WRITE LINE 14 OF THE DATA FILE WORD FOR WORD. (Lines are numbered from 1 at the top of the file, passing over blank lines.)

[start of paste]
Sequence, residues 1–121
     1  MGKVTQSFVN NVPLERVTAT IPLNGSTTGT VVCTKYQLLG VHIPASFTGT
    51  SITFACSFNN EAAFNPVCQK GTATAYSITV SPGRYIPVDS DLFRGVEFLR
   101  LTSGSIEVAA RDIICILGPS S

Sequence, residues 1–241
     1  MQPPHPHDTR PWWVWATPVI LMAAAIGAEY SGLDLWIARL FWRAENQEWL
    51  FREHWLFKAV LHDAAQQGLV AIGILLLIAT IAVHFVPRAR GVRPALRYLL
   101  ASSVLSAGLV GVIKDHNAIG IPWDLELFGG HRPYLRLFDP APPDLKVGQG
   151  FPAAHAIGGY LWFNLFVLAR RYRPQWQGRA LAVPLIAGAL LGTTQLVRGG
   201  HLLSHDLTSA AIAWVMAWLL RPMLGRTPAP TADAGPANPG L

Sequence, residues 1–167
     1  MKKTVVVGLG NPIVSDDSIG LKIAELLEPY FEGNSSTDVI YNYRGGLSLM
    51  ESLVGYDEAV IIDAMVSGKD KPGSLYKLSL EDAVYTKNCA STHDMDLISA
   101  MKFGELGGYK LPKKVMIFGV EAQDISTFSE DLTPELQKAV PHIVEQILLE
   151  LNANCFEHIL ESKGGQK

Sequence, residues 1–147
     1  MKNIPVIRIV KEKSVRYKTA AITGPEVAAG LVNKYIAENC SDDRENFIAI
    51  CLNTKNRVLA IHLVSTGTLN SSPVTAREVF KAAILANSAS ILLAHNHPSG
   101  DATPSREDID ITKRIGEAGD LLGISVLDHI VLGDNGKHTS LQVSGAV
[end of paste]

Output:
   101  MKFGELGGYK LPKKVMIFGV EAQDISTFSE DLTPELQKAV PHIVEQILLE